Elections have consequences. And the big consequence of the 2012 election looks to be higher taxes for the rich. With President Obama still in office, that’s what will happen on January 1, 2013 when the Bush tax cuts expire, whether John Boehner likes it or not. The big question is whether Obama and House Republicans can make a deal undoing the rest of the so-called fiscal cliff.
They can. If they listen to Mitt Romney.
Romney got some well-deserved criticism for his chronically math-challenged tax plan, but he did have a very clever idea when it came to tax reform. Rather than take on specific tax deductions — and the constituencies ready to defend them — he would limit overall deductions. Such a cap raises revenue without raising marginal tax rates, and it raises the most revenue from the rich…
See the tax changes for people making less than $200,000? Of course not. That’s because the Romney’s tax plan would hardly raise their taxes. But households making between $200,000 and $500,000? They would pay a couple thousand more in taxes. Millionaires could wind up paying almost a hundred thousand dollars more…
The wealthiest households not only pay more than others under the cap, they pay most of the cap. In other words, households making a million dollars or more would pay 73 percent of the $59 billion a $50,000 cap would raise in 2015 if tax rates stay the same. Middle-class households mostly wouldn’t get hit because they mostly don’t take itemized deductions, and when they do they rarely take anywhere near $50,000 worth of them. Take a look at the chart below to see just how progressive a $50,000 cap would be.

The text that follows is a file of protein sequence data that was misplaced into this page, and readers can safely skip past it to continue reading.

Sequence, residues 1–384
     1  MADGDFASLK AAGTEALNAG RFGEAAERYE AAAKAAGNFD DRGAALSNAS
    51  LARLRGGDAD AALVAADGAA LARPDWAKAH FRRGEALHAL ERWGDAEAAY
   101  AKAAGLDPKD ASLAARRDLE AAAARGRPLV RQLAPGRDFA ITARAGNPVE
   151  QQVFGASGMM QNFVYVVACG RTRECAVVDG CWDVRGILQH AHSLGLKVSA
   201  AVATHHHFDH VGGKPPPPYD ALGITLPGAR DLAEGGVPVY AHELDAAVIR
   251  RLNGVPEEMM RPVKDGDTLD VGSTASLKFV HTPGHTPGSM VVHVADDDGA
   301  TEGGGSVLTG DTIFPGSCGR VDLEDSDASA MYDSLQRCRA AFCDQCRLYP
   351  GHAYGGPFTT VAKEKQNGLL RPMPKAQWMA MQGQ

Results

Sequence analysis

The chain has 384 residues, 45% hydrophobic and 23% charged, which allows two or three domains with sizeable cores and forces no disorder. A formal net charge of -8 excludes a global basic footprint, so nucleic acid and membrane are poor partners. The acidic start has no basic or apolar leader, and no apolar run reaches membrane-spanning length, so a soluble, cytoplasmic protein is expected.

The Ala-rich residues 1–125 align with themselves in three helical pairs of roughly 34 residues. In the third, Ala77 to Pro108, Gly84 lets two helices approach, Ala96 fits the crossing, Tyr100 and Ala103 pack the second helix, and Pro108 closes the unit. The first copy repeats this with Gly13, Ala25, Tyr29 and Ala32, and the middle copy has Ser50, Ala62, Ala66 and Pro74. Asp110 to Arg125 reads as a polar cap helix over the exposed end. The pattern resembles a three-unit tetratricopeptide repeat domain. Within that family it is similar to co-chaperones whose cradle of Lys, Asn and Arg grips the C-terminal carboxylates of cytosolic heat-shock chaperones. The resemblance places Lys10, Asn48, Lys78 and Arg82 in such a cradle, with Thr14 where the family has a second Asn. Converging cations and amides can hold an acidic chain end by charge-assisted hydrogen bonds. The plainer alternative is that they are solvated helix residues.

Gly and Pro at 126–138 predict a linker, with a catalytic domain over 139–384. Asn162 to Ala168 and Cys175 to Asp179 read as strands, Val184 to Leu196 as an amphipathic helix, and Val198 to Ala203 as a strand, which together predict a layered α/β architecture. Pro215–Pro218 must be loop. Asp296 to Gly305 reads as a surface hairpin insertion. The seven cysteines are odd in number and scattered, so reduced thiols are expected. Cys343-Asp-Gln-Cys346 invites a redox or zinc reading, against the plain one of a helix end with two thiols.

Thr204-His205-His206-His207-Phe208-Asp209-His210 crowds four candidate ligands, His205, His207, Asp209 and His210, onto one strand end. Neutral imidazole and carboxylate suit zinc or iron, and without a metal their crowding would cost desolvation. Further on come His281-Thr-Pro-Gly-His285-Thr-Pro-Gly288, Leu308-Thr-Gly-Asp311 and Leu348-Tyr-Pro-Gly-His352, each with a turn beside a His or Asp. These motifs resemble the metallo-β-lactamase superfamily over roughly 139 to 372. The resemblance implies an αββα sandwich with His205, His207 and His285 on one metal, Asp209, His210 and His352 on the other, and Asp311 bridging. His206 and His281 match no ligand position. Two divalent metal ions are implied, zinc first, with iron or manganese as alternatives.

The idea is fiscally valid – meets the approval of the other geeks with whom I discuss topics like business and banking.
I do wonder who suggested it to Romney. He isn’t capable of an original thought about the weather or sex – much less tax policy. Scott Galupo of the American Conservative thinks he stole the idea from an earlier suggestion by President Obama.
Sounds about right to me.